In our mixed-bag culture, the elements of a good Sunday roast can be as important for some as a good laksa, a suitably spiced-up vindaloo or a just-right pizza-crust for others. The caramelised crunch of the roasted root vegetables, the condiments – dollops of mustard, horseradish, apple sauce – and the steaming sticky puddings with custard have an almost ceremonial solemnity, especially if you grew up eating them. With tradition and historical roots based in the UK, the Sunday roast has taken on its own identity here and there’re enough places around town offering roasts on Sundays for you to pick the one that suits your taste, budget and even your ethics.

When cooking roasts, it’s the cut of meat that counts and one of the plusses of going out for a roast is that a chef has chosen a specific cut and let it cook away slowly for many hours to create a slow-cooked, succulently seasoned joint of meat. Chefs nearly always go for secondary cuts of meat, bypassing the flash, fancy (and often expensive) primary cuts. Secondary cuts such as the shoulder and the belly – the hard-working parts or fattier parts of the animal’s body that, because of their muscular makeup, take more time to cook – require more work in the kitchen; the pay off, however, is that they have more complex flavour.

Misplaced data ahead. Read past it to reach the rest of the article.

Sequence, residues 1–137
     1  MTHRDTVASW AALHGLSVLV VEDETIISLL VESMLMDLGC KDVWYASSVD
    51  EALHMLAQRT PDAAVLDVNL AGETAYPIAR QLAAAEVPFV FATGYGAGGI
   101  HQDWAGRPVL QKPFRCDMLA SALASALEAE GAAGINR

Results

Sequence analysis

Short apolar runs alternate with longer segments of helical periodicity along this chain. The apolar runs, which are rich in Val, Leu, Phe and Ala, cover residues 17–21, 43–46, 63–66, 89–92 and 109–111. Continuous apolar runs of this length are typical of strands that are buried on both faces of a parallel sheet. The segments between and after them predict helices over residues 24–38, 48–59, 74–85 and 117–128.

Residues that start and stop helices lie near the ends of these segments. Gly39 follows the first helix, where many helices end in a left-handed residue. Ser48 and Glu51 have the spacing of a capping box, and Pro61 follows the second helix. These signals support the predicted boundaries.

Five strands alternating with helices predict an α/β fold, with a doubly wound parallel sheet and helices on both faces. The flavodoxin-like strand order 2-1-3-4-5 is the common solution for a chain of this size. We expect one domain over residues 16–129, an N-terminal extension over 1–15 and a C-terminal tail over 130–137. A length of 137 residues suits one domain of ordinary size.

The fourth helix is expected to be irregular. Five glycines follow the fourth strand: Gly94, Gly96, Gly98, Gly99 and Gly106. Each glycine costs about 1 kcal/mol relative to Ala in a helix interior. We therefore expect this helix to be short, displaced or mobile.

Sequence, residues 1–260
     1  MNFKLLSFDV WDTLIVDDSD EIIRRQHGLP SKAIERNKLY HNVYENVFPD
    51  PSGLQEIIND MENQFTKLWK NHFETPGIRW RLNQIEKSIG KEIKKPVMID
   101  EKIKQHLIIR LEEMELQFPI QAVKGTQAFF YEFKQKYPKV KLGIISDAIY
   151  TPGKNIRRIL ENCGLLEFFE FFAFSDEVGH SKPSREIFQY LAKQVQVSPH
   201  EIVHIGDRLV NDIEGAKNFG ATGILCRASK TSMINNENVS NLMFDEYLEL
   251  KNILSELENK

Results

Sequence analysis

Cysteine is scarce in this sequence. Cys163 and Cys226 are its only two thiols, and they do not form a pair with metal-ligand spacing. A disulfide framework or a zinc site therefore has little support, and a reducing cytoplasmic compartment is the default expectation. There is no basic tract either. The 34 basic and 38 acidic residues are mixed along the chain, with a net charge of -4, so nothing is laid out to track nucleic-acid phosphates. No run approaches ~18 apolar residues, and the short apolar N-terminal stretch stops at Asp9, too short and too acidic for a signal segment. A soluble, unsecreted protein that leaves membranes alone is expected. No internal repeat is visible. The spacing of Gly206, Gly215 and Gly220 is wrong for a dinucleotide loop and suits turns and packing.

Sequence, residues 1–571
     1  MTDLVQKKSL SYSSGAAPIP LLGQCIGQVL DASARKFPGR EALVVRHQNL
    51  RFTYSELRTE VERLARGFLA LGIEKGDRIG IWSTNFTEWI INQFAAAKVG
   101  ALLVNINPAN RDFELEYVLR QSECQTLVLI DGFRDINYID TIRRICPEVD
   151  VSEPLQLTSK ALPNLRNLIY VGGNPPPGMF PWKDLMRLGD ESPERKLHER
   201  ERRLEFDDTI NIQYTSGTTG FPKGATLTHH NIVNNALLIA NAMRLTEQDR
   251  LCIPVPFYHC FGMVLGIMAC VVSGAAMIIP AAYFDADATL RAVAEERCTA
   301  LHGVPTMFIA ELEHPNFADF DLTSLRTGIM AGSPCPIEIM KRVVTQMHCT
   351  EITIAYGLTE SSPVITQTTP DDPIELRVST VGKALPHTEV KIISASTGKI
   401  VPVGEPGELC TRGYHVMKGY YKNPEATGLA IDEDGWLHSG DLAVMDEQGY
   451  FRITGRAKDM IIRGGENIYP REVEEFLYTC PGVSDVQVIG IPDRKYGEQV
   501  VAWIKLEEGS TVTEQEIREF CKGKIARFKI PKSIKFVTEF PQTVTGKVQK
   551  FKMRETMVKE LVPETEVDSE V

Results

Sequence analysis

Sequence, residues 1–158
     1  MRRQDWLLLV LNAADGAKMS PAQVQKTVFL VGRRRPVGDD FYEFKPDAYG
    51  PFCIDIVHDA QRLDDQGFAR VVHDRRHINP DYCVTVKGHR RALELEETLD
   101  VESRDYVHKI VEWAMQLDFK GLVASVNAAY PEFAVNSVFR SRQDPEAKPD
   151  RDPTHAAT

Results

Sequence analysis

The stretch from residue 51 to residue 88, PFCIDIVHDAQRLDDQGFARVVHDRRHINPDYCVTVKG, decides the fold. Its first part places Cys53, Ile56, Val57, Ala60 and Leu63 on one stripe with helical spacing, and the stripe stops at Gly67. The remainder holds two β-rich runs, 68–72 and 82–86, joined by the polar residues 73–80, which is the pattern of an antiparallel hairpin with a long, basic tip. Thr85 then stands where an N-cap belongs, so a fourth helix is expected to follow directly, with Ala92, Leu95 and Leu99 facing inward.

For Scott Pickett, executive chef at The Point, Albert Park, putting on a winter Sunday roast this year was a no-brainer; after all, he’d been holding a very successful monthly Sunday roast since winter 2009. “We started it for the locals mainly,” he says, “and each month it grew and grew, from 40 people at first to 80, then 120 then 180 people at our last one, so we had to do it again this year.”

Pickett is a big fan of the secondary cut for roasting, particularly the shoulder of the lamb and the pig. “People are moving away from A-grade cuts of meat and looking for alternatives,” he says. “Secondary cuts are the best for roasting as they have more flavour and do well with a slow-roast.”

The last Sunday of each month sees The Point serve three courses: usually a soup, then the roast meat (the website tells you what meat will be served on what date) with platters of vegetable on the table, followed by a fruit crumble or bread-and-butter pudding to finish. Pickett puts its popularity down to customers wanting to get back to basics. “People want to feel looked after and winter-warmer comfort food like this does that.”

Consultant and executive chef Paul Wilson offers a weekly Sunday roast at The Middle Park Hotel (actually it’s more of a weekend roast, offered on both Saturday and Sunday) and like Pickett chooses mostly the secondary cuts. “Secondary cuts are the best for roasting as they suit long, slow cooking due to their muscular structure and naturally high fat content. Because they are harder working muscles they have more flavour and unique texture.”

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For roast beef, Wilson prefers the bolar blade (part of the shoulder) or the tri tip, which is the bottom of the sirloin; for pork, he chooses the rump or the belly; and for lamb he likes the shoulder. And while his focus is on the final product for the customer, part of his process is requiring background on the provenance of each meat.